Murray had been kicked out of the missionary school in 2002 for mental problems that included hearing voices in his head, which made it immpossible for him to go on the group's mission trip to Bosnia. Eventually, he started sending hate mail to the school where he revealed a deep seated resentment towards Christians in general:
You Christians brought this on yourselves. All I want to do is kill and injure as many of you ... as I can especially Christians who are to blame for most of the problems in the world.
It's hard to say what he based his hatred on beyond his mere expulsion. Besides his time at the mission school, Murray's immediate family are all deeply conservative Christians, which might have played a role. But I doubt this shooting has much to do with faith. Murray obviously had mental problems that caused him to hold a deep resentment which he eventually tried to resolve through violence. Faith or lack thereof doesn't really factor into the picture.
As expected, pastors have taken advantage of the incident to further their ends. Pastor Gino Geraci of Calvary Chapel South Denver said:
We're taking a journey away from moral responsibility. We live in a culture and society that want to share the blame rather than holding people accountable and responsible for their actions.
And Rev. Andreas Hock, professor of Sacred Scripture at St. John Vianney Theological Seminary said:
Losing sight of God can mean losing sight of the value of human life.
I don't want to stoop to their level and use this shooting to toot the horn of atheism. As I said earlier, faith obviously has nothing to do with it. But I will use these pastors' comments because Christianity does the exact opposite of what they suggest it does. The central tenet of Christian faith is that Jesus will absolve the believer of all his sins, which is just a way of saying that Jesus will free the believer of all moral responsibility, so long as he believes. It does not hold believers accountable for their actions, so long as they're "born again" and put their faith in Christ. Second, this notion that religion is the only thing that allows us to value human life is absurd. If anything, it creates a sense that we are worthless creatures whose only purpose in life is to appease a seemingly indifferent diety, and it clearly segregates people into believers and nonbelievers, where the believers obviously have more worth than the infidels.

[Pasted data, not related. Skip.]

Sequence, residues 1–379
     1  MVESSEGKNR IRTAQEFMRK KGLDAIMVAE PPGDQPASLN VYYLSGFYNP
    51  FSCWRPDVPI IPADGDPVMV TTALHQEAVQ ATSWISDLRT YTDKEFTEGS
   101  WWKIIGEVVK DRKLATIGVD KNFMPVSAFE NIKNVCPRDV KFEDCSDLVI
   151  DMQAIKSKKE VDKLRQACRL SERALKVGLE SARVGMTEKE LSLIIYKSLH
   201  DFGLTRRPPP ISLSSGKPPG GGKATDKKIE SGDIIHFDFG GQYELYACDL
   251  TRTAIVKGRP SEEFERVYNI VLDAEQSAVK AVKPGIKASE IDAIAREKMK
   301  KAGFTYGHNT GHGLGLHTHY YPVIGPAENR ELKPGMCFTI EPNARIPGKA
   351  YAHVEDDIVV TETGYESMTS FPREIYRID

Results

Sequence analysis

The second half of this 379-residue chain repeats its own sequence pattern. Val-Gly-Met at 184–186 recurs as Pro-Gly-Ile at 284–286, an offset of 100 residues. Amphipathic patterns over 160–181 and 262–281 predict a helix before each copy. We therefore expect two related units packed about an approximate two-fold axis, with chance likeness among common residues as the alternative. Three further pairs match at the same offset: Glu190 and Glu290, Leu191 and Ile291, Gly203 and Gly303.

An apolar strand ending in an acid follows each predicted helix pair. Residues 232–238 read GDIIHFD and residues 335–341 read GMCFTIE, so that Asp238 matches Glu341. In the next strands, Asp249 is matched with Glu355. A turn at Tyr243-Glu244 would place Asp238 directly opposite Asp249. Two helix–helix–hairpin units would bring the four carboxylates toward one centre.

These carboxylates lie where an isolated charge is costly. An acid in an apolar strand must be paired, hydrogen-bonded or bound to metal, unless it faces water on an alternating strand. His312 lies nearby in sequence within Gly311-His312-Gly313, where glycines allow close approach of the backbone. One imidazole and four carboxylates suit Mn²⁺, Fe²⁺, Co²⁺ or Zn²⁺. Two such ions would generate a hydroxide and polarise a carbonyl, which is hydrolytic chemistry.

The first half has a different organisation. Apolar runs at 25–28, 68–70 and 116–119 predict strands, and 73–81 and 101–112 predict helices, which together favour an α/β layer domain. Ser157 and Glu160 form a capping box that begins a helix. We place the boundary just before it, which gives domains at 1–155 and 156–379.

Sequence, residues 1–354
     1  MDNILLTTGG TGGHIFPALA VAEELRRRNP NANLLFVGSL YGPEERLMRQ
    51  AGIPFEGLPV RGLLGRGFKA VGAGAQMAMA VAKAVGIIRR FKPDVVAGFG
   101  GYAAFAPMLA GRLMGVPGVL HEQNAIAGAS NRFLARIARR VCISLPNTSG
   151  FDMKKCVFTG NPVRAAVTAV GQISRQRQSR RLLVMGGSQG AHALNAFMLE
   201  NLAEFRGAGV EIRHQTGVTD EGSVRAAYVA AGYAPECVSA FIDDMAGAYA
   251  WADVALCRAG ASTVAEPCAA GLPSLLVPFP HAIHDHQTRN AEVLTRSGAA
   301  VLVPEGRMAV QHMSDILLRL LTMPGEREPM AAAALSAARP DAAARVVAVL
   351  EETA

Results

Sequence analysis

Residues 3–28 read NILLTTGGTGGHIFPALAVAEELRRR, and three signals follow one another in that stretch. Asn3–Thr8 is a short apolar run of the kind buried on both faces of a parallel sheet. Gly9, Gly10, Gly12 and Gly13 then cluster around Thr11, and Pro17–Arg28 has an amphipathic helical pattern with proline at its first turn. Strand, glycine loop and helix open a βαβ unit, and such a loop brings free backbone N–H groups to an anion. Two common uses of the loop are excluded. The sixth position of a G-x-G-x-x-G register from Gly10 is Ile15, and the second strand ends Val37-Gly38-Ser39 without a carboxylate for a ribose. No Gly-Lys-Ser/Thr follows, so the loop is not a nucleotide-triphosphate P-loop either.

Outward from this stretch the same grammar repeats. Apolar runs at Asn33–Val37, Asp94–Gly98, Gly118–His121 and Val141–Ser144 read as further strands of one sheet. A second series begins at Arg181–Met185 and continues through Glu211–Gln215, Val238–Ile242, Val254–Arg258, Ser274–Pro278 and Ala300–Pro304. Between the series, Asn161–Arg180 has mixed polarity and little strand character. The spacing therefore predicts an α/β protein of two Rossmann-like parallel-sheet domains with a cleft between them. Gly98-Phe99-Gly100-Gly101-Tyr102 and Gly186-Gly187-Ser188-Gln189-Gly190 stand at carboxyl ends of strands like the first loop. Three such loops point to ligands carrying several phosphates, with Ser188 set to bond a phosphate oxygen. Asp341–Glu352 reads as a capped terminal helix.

No, I don't think religion is the answer to society's problems, especially in this case when you have a young man who hears voices in his head. What he needed was proper medical care, not fantasies.
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